Below is a partial list of undergraduate projects that faculty have available for current students to undertake, ordered alphabetically by faculty last name and then project title.

This is a very partial list and new content will be added as time goes on. It is currently just a template.


Bounded continued fractions for rationals
Outline: A continued fraction is a particularly elegant representation of rationals related to the Euclidean algorithm, of the form b0+1/(b1+1/(b2+1/(b3+...+1/bn))) where each bi is a positive integer. In the case of reals, the fraction continues indefinitely. A bounded continued fraction is one in which each of the bi's has some maximum value. It has been proven that any real can be represented as the sum of two bounded continued fractions, with maximum value four. Unfortunately, the method is not applicable to rationals, and we don’t know whether every rational can be represented as the sum of two finite bounded continued fractions. The aim of this project is to numerical investigate how hard it is to represent an arbitrary rational by bounded continued fractions.

Faculty: Stephen Lucas
Areas: Number theory, computational mathematics


Improved bounds for the kissing problem
Outline: 
The kissing problem asks how many spheres can touch a central sphere without overlapping in n-dimensions. The solution is known for dimensions two to four, and there are bounds on the solution in higher dimensions. But these bounds are rather loose. The aim of this project is to try and improve upon these bounds using a numerical optimization algorithm that starts with a random distribution, then “juggles” them trying to fit on the central sphere. By finding examples that work and those that do, we should be able to make the bounds more strict.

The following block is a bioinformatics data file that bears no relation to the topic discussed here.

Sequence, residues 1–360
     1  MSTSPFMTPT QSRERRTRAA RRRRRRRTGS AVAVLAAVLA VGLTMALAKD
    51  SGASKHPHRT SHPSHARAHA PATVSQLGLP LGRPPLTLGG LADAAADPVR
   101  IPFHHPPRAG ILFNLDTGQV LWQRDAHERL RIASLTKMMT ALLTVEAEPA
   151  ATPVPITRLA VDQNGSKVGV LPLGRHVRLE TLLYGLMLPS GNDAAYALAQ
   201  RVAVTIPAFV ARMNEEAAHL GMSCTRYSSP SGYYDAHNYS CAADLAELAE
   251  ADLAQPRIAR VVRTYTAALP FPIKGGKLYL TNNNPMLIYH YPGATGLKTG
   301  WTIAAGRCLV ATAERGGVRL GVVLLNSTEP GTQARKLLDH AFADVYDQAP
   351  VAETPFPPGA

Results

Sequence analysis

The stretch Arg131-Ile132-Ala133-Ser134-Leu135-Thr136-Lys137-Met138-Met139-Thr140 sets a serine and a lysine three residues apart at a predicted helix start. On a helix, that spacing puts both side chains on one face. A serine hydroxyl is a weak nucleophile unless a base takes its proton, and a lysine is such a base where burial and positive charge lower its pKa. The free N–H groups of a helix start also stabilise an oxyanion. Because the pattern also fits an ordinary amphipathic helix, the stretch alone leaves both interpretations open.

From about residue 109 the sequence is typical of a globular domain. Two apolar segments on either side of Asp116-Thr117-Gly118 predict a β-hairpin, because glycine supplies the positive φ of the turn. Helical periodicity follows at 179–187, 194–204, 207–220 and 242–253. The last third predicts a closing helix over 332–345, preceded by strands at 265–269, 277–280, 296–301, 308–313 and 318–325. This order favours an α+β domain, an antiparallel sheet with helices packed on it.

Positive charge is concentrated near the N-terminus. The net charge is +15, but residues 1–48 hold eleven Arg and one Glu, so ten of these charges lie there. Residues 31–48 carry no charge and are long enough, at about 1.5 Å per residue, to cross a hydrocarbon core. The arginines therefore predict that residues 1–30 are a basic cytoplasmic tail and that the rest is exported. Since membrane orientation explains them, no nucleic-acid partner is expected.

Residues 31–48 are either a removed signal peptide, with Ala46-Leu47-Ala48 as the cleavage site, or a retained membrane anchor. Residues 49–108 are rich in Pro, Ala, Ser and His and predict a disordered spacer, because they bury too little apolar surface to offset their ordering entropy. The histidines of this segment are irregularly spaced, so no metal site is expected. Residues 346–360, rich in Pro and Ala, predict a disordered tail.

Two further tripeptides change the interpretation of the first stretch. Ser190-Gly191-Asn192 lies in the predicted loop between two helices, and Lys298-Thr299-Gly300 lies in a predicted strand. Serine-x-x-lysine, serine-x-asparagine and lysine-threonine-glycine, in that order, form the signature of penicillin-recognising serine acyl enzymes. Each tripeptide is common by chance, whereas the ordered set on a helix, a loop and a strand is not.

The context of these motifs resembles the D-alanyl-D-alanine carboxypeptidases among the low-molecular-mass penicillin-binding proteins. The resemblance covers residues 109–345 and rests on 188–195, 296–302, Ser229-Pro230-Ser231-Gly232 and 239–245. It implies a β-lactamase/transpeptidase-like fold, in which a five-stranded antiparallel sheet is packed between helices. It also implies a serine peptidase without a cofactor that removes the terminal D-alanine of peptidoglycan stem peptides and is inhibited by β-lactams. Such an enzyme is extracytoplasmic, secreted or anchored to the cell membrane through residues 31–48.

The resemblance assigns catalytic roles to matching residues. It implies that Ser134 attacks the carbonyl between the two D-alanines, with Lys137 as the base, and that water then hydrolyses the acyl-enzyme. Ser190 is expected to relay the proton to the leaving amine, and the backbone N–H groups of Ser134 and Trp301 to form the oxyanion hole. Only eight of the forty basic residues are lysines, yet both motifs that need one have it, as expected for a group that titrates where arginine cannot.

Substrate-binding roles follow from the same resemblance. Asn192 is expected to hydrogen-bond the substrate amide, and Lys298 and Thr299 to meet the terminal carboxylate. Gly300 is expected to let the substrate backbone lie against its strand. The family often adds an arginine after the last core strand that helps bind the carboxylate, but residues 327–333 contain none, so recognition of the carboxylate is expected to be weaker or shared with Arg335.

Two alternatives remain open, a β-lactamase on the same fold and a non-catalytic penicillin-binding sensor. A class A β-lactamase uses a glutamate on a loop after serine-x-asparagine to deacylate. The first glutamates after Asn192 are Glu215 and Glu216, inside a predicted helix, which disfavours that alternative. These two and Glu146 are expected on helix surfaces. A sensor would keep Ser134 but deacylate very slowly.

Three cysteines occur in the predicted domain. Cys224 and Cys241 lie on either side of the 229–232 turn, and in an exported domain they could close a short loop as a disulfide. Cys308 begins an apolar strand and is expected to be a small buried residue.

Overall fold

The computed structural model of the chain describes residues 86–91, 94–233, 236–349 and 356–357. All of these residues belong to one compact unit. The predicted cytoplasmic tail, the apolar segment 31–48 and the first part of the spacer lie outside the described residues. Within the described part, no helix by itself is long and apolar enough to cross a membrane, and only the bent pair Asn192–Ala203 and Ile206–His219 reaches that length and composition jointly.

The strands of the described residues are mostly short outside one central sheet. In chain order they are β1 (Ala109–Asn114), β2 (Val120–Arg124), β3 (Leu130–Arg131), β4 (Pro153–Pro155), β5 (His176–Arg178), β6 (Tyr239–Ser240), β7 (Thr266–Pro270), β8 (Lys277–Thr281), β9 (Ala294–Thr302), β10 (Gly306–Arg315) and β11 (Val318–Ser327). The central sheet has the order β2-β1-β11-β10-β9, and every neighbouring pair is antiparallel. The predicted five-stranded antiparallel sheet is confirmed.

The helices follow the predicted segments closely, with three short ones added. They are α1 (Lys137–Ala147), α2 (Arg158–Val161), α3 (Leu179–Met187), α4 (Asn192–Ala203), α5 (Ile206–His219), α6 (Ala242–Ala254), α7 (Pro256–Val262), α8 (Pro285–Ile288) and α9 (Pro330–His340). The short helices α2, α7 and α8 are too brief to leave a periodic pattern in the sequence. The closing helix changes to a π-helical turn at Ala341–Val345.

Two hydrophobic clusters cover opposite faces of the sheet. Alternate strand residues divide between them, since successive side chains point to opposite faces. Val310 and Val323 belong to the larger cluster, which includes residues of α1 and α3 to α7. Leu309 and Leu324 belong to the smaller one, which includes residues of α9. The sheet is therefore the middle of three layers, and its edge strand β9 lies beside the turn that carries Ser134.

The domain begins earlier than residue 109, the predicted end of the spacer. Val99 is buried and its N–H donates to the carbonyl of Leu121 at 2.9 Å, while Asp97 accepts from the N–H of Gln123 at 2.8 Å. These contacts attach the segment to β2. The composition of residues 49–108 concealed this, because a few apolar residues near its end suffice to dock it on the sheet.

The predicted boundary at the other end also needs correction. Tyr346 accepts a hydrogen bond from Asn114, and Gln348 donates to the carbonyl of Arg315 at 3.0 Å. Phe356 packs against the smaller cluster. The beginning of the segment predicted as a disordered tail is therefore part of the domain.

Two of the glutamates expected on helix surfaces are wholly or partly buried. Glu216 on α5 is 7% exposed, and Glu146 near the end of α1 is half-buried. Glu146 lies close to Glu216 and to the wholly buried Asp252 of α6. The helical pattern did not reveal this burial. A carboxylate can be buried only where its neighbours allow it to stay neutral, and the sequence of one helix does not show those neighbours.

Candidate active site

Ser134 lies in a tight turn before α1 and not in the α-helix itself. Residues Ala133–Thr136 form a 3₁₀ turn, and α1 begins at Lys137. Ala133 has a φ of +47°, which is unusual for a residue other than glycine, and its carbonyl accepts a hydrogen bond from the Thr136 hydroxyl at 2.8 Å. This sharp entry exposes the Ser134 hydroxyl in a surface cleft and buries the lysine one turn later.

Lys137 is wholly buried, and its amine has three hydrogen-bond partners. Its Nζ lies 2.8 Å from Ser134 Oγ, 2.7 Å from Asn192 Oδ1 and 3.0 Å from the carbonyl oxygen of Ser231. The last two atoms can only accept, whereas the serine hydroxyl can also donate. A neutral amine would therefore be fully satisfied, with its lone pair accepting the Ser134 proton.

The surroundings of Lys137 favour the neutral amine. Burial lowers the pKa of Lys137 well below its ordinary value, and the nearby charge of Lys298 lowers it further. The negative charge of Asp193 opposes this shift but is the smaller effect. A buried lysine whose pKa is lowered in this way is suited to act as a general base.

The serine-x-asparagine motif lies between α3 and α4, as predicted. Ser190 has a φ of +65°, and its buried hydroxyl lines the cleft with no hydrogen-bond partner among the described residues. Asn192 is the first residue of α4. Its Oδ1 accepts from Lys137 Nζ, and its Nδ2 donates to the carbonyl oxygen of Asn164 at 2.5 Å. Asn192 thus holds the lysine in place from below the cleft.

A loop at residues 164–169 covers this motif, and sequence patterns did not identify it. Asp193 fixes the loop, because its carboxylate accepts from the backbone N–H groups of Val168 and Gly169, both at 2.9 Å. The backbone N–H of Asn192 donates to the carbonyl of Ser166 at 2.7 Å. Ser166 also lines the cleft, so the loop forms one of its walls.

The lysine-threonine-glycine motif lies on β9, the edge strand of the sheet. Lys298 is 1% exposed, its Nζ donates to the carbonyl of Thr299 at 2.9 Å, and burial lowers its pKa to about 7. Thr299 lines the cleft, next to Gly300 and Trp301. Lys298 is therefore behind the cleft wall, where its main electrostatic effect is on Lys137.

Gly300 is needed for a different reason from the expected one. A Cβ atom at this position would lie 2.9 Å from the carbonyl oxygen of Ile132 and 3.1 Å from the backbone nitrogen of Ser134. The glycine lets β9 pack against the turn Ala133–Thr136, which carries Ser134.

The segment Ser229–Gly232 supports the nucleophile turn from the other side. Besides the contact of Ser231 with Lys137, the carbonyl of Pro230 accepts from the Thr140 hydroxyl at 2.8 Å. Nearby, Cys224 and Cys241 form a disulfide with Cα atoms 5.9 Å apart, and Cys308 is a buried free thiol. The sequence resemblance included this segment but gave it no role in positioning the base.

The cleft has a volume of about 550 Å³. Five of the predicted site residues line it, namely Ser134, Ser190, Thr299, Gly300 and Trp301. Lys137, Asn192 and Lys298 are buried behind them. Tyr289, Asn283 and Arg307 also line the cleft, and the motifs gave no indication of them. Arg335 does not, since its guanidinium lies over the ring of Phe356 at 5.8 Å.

Faculty: Stephen Lucas
Area: Numerical analysis


Nonlinear extrapolation for vectors
Outline: There are a variety of successful extrapolation techniques to accelerate the convergence (or even divergence) of iterative schemes, like Aitken’s Del-Squared method, and the epsilon algorithm. In Math 448 we discussed a vector acceleration techniques and implemented one by Irons & Tuck (1969) that failed to work! The aim of this project is to implement a few other methods and try and understand why Irons & Tuck’s method failed. 
Faculty: Stephen Lucas
Student
: Samuel Snarr  
Area: Numerical analysis
When: Spring 2020 (proposed).


Random sieves and Goldbach’s conjecture
Outline: 
The sieve of Eratosthenes is an efficient way of identifying prime numbers. A sieve can also be used to randomly select numbers that have the same random distribution properties as the primes. What happens when we attempt to use these numbers to establish Goldbach’s conjecture that every even integer is the sum of two primes? What happens when we change the distribution properties so numbers are less likely to be chosen? As motivation, it appears that all even numbers after 3248 can be represented as the sum of twin primes.
Faculty: Stephen Lucas
Area: Number theory, computational mathematics

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